The TMDS442 DVI/HDMI switch has no provision for external reset. The datasheet specifies the state of internal registers on "power up". No specification of what constitutes "power up" is given. How low must the power supply go to assure proper resetting of the internal machine states? For how long?
Many sources of DVI (NVIDIA cards) do not have a simple current sink to ground, they can supply current into an unpowered DVI input. There seems to be no isolation between the TMDS442 input terminations and VCC. How do you guard against current flowing into the VCC from the DVI input not allowing VCC to fall low enough to guarantee an adequate power-on reset? This has happened to me before, not just a theoretical worry. And I've had terrible experiences with some I2C video muxes from TI not working properly upon power-up.
The only power on a DVI/HDMI cable input to an unpowered device would be from the 5V signal (TMDS signals are CML). I am not aware of any issues on what you have described or anything else associated with this device. i am not aware of any power-on reset for this device. My understanding is that as long as the power rails are in ther operating range, the device is available for operation.
There absolutely are non-compliant DVI sources that can supply some milliamps of current into an unpowered device, I've seen this on some video cards and right now my Quantum 802F video generator on my bench causes 2.4V to appear on the inputs to my unpowered Silicon Image DVI receiver causing the +3.3V to float up to ~2volts. To make the logic in that receiver work properly a proper reset has to be supplied. This issue has caused me to spin boards before, I'm not prepared to ignore it.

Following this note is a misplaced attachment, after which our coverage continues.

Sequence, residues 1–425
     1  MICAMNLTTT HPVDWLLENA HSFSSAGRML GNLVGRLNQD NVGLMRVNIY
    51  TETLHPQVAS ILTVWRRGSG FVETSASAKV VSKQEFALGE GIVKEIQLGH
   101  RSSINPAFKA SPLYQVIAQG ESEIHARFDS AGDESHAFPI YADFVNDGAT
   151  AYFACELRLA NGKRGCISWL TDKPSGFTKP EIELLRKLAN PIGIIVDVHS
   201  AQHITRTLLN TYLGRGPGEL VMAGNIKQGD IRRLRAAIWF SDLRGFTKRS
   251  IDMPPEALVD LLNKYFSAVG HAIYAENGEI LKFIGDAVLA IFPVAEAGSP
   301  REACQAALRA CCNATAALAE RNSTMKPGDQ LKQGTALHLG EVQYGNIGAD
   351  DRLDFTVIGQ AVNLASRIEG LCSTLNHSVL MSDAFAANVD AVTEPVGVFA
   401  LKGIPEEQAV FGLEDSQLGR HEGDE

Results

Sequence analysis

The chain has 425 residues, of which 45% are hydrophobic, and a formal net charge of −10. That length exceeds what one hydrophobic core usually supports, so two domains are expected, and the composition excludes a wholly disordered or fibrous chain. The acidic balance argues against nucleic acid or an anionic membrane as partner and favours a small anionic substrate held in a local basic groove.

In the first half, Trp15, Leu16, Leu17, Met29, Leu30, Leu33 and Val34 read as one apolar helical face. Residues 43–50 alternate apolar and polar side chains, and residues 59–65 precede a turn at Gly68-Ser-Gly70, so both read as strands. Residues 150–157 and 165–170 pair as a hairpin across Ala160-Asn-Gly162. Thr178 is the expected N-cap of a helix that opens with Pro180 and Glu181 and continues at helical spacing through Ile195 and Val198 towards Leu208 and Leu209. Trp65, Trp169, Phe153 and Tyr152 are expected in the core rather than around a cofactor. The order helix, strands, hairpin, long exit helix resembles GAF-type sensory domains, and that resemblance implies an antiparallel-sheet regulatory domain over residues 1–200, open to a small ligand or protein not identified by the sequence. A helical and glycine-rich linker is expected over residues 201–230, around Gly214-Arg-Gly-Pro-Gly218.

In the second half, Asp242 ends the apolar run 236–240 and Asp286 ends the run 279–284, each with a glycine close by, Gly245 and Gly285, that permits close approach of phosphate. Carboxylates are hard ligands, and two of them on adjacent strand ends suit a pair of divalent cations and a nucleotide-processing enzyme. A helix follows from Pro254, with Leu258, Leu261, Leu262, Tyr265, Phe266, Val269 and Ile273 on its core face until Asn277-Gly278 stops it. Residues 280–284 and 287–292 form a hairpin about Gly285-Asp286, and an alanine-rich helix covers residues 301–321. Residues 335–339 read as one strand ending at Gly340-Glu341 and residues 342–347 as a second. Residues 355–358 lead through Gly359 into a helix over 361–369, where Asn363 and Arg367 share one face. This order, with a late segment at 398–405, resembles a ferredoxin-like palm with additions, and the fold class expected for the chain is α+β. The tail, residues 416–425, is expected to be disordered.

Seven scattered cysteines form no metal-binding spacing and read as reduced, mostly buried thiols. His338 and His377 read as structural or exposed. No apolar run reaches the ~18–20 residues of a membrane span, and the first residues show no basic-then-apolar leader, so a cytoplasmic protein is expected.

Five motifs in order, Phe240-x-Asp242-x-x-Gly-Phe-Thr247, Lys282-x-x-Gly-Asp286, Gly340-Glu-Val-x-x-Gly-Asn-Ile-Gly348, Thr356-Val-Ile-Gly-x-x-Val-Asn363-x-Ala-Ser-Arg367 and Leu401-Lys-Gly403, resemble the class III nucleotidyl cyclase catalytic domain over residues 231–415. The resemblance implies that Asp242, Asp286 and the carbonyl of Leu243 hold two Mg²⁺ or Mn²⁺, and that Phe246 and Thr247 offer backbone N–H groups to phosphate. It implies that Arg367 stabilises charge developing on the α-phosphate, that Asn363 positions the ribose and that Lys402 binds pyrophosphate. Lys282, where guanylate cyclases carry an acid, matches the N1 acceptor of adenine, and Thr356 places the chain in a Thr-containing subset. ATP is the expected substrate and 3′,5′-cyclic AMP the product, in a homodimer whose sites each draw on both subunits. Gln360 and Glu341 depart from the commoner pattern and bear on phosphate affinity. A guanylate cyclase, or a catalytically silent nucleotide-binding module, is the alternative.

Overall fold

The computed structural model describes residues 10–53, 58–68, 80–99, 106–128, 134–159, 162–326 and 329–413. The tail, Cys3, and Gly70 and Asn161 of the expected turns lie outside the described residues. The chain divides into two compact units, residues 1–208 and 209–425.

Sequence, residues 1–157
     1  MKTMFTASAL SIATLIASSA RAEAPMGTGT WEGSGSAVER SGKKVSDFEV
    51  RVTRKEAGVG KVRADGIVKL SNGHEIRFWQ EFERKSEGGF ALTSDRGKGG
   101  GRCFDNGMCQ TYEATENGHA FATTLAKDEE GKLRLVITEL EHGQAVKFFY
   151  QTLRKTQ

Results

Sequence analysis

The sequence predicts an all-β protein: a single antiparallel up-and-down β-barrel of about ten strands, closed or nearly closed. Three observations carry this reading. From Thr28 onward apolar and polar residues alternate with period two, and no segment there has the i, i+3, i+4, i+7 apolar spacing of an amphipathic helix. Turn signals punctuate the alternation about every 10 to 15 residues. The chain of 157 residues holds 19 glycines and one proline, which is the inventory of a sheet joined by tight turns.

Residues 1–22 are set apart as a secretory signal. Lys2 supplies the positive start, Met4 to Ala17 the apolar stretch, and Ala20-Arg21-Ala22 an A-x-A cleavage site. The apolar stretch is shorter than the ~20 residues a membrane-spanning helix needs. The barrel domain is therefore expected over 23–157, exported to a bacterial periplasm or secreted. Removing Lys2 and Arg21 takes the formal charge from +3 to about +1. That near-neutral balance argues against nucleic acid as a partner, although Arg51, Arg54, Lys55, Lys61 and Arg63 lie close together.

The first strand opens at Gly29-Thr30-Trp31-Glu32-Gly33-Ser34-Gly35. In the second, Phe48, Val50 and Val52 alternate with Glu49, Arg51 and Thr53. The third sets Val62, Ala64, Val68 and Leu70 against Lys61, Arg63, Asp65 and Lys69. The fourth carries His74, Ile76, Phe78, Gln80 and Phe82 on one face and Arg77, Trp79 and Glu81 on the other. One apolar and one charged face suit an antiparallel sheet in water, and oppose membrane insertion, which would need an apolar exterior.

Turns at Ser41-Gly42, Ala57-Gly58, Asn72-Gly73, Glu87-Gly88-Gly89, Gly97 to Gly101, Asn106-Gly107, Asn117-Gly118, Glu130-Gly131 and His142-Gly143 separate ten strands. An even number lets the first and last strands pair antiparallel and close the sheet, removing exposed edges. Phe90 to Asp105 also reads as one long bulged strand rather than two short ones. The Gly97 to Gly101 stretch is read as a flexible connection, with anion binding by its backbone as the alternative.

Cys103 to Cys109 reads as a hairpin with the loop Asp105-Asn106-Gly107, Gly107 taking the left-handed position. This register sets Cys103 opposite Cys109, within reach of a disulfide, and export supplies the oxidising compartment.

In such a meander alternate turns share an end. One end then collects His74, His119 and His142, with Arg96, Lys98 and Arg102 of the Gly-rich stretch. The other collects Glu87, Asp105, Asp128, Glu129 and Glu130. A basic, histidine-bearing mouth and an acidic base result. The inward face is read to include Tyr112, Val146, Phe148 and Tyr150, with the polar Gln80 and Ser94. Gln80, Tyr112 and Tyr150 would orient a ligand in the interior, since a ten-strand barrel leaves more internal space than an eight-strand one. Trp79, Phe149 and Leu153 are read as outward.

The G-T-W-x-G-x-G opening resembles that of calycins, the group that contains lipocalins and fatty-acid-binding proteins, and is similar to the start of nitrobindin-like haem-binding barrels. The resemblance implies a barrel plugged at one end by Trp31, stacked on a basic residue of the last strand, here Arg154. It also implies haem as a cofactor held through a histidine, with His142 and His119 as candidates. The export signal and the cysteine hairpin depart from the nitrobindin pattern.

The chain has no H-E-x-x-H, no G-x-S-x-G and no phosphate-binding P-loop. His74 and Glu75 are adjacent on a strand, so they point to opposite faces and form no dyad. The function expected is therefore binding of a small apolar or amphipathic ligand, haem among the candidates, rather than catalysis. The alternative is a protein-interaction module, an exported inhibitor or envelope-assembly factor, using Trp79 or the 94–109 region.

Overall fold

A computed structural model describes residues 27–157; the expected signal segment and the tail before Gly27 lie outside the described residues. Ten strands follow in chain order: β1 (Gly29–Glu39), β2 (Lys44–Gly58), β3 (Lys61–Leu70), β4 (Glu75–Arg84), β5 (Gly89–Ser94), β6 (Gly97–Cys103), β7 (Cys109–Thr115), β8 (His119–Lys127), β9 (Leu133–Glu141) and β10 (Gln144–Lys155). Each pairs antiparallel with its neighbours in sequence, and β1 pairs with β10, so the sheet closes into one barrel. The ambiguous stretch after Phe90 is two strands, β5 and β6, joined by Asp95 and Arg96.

My poor experience with the THS7303 with its need for special treatment after power-up has made me very wary of "analog" chips with I2C interfaces which claim no need for reset. The TMDS442 absolutely has some sort of a state machine inside, isn't there some sort of internal scheme for setting all of the flip-flops? Is TI guaranteeing that I can allow the power to fall from 3.3V to 1-2V and back to 3.3V and everything will be ok? I can imagine that could be the case if you had a good internal power-on reset circuit. If not then what is the spec?
With the age of this device, we will need to get the design team involved to get to the answer you are looking for. Please allow some time for this activity.
The TMDS442 has an internal POR around 2.2 V with a 200 mV hysteresis.
Thank you Ken.
We are observing power-up issues with the TMDS442 as well. Our problem is that the monitor doesn't properly initialize out of power-up, which we assume is DDC related. If we switch away from the selected source and then back, things seem to work much better. The lack of documentation at the power-up makes this a tough issue to isolate. An external reset sure would be nice! Were you able to address your power-up woes?
Also, we are seeing the same problem with the backfeeding of Vcc across numerous systems. However, strangely, in our situation, this seems to help the power-up issue - I'm assuming that this is because the TMDS442 isn't actually powering down.
Any insight that you can provide would be appreciated...